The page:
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Why your food is getting smaller

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Loaves of bread, cereal boxes, meat and chocolate bars are among the items getting smaller because of “shrinkflation”, government data suggests.

A total of 206 products, also including jam, sugar and syrups, shrank in size between September 2015 and June 2017, according to the Office for National Statistics (ONS).

It said prices tended to stay the same when products change size, in line with the idea that some products are undergoing shrinkflation.

The ONS ruled out the idea of Brexit being a factor behind the shrinkages, as manufacturers blamed the drop in size on the rising cost of raw materials.

Despite the collapse in the pound following the vote to leave the EU, which did drive up business costs, the ONS said the trend remained “stationary” in the period following the referendum in June 2016 .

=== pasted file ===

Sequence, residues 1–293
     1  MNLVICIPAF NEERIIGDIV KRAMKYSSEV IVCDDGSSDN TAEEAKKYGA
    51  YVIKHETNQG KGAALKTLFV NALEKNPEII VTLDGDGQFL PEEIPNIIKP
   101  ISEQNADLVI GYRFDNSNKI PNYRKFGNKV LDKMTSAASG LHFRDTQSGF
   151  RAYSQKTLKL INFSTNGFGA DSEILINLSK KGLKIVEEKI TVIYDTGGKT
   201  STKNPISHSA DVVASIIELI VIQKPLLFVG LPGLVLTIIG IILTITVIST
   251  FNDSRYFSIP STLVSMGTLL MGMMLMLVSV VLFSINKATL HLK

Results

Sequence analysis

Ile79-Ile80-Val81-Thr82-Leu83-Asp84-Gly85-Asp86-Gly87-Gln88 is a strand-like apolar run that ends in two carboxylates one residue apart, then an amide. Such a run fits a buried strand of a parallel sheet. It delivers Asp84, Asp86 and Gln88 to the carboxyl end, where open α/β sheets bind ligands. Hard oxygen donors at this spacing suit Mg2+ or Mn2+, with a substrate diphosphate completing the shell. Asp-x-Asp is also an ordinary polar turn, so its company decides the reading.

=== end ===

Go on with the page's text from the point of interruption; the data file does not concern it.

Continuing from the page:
Mike Hardie, from the ONS, said: “Over the last few years, consumers may have noticed that some companies have reduced the size of their products while the price remained the same, which is often attributed to operational and material cost rises.

“Our updated analysis of this subject indicates which type of products have decreased in size.

“The majority of size changes occurred in the food and drink sector.

“Every day staples such as bread and cereal are most likely to have seen reductions in size, while consumers may also find some chocolate products to be smaller now than they once were.”

Products within the food and drink category accounted for 70% of the size reductions recorded by the ONS.

While 206 products shrank in size between September 2015 and June 2017, 79 products increased in size.

Bread and cereal products saw the most changes in size, in both directions.

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